Jesus could have written His own autobiography had He wished. As the Son of Man, Jesus of Nazareth was literate, intelligent and a brilliant orator. As the Son of God, Jesus Christ was all-knowing and all-powerful, capable of speaking His story into miraculous form—moment by tiny moment, complete in every detail.
And yet, He chose not to do that. Instead, He left the Holy Spirit to “carry along” (2 Pet 1:21) the four evangelists—Matthew, Mark, Luke and John. Each of these biographers tells Jesus’ story in his own way, bringing his own viewpoint, intent and agenda. Each evangelist includes or omits details according to his own purpose. Though the plot remains the same, the subplots differ. If the central question of each Gospel is “What do I need to know about Jesus?” each evangelist answers it differently:
Matthew’s Jesus is Messiah, teacher, and fulfiller of the Law.
He has come like a prophet to tear down the old institutions and bring in the new. He will expose the hypocrites (seeMatt 6:1–18; 23) and re-establish the link between the Holy God and His people through His own self-sacrifice.
Matthew focuses on the legitimacy of Jesus as the Messiah foretold in the Old Testament. He begins his Gospel with a genealogy (1:1–17)—not to reassure us that Jesus comes from a good family, but to establish Him as the reinstatement of the Davidic line of kings and the fulfillment of the promises to Abraham. Only Matthew tells of the adoration of the Magi (2:1–12), the slaughter of the innocents, and the flight to Egypt (2:13–18). To Matthew, these events are explicit fulfillments of Old Testament prophecy. Even where Matthew narrates the same events as Mark and Luke, he is far more likely to explain exactly how the Scriptures are being fulfilled (e.g., Matt 1:22–23; 12:17–21;27:9–10). In Matthew 5:17, Jesus says that to “fulfill” the “Law and the Prophets” is central to His mission.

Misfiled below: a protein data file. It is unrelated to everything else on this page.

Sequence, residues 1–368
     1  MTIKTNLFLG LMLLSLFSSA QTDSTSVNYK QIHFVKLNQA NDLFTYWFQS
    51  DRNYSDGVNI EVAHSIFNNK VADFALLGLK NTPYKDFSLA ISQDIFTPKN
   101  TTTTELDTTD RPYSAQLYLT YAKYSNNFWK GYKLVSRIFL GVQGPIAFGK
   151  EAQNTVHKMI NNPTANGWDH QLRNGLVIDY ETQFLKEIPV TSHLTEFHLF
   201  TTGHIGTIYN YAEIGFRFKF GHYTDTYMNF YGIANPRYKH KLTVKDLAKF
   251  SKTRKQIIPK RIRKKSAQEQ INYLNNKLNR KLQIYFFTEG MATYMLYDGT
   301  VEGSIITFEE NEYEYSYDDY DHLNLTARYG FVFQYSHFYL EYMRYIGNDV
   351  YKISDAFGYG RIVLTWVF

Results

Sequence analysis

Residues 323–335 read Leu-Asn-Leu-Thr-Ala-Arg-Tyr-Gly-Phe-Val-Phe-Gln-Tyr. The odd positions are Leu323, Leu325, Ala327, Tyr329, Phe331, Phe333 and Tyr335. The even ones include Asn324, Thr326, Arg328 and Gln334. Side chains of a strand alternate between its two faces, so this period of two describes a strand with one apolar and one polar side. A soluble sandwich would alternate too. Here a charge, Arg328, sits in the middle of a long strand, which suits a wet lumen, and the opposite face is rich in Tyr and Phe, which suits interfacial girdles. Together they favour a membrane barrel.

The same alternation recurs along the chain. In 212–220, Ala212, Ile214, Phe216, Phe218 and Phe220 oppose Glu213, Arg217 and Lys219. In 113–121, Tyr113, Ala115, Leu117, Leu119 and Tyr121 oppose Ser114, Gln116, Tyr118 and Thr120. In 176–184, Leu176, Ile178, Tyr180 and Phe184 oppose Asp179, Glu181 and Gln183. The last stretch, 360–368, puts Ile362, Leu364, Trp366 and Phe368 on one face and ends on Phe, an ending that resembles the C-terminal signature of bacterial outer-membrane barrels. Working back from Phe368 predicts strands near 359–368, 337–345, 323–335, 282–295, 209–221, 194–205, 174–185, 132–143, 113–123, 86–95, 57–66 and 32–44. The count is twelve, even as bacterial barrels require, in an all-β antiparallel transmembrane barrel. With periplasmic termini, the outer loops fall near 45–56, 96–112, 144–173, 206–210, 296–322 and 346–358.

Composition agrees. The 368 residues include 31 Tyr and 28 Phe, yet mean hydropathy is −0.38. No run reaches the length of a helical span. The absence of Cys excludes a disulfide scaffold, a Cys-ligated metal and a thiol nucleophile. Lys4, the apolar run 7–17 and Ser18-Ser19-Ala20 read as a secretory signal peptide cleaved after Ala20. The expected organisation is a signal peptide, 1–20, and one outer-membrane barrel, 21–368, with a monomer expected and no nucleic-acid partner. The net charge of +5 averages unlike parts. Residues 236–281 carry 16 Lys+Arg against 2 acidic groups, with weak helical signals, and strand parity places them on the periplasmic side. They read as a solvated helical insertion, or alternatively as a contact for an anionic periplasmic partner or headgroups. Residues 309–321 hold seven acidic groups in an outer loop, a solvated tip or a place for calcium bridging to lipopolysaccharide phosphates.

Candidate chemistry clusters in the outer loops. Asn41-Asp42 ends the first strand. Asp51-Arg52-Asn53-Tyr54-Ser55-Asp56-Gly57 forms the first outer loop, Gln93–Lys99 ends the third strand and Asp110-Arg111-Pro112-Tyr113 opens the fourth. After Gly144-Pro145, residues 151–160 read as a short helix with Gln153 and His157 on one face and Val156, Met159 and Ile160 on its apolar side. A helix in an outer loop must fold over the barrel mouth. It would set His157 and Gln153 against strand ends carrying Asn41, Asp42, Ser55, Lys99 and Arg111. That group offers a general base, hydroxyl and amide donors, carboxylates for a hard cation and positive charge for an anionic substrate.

For Mark, Jesus is an inscrutable stranger.
He walks among us but is not really one of us—selectively disclosing Himself as He sees fit. Jesus has come to do a great work (in secret), knowing that He will be misunderstood, persecuted, and rejected. Mark aims to answer: Who is this Jesus (Mark 1:1)? Who is this who teaches with authority? Who is this, that demons flee before Him (1:21–28)? Who is this, that even the wind and the waves obey Him (4:41)?
Luke paints a picture of a kind, gentle Jesus
He is a great physician dispensing both wisdom and acts of kindness, brimming with compassion. He is a prophet who lays down His life for His people, like the suffering servant (Isa 52:13–53:12). Only in Luke does Jesus tell the story of the Good Samaritan and the Prodigal Son (Luke 10:30–35; 15:11–32). Luke’s aim is to write an “orderly account” so that his audience “may have certainty concerning the things [they] have been taught” (1:4).
John’s Jesus is complex
On the one hand, Jesus is very human: He gets tired, hungry, and thirsty (John 4:6); weeps for a dead friend (11:35); and even lets Thomas feel His wounds (20:24–29). On the other hand, He is the Creator God (1:1–3), a full and perfect manifestation of Yahweh (1:14, 16–18), no less than the fundamental element of the universe (1:9; 8:12)—barely contained by the humanity He pours Himself into. While the other three evangelists tell the story of Jesus from the bottom up, John starts at the throne of heaven and works his way down. His hope is that we would read his book and believe (20:30–31).
Jesus was all of these things and more. John ends his Gospel by telling us that if everything Jesus did was written down, “the world itself could not contain the books that would be written” (John 21:25).
In the Gospels, we see Jesus through the eyes of four of His most faithful followers. As Paul says in 1 Corinthians 13:12, this is like looking at Jesus through an unpolished window: We can see Him, but not in person. Then again, maybe what we see in the four Gospels is like looking through a kaleidoscope—split, reflected, refracted, and all the more beautiful for it.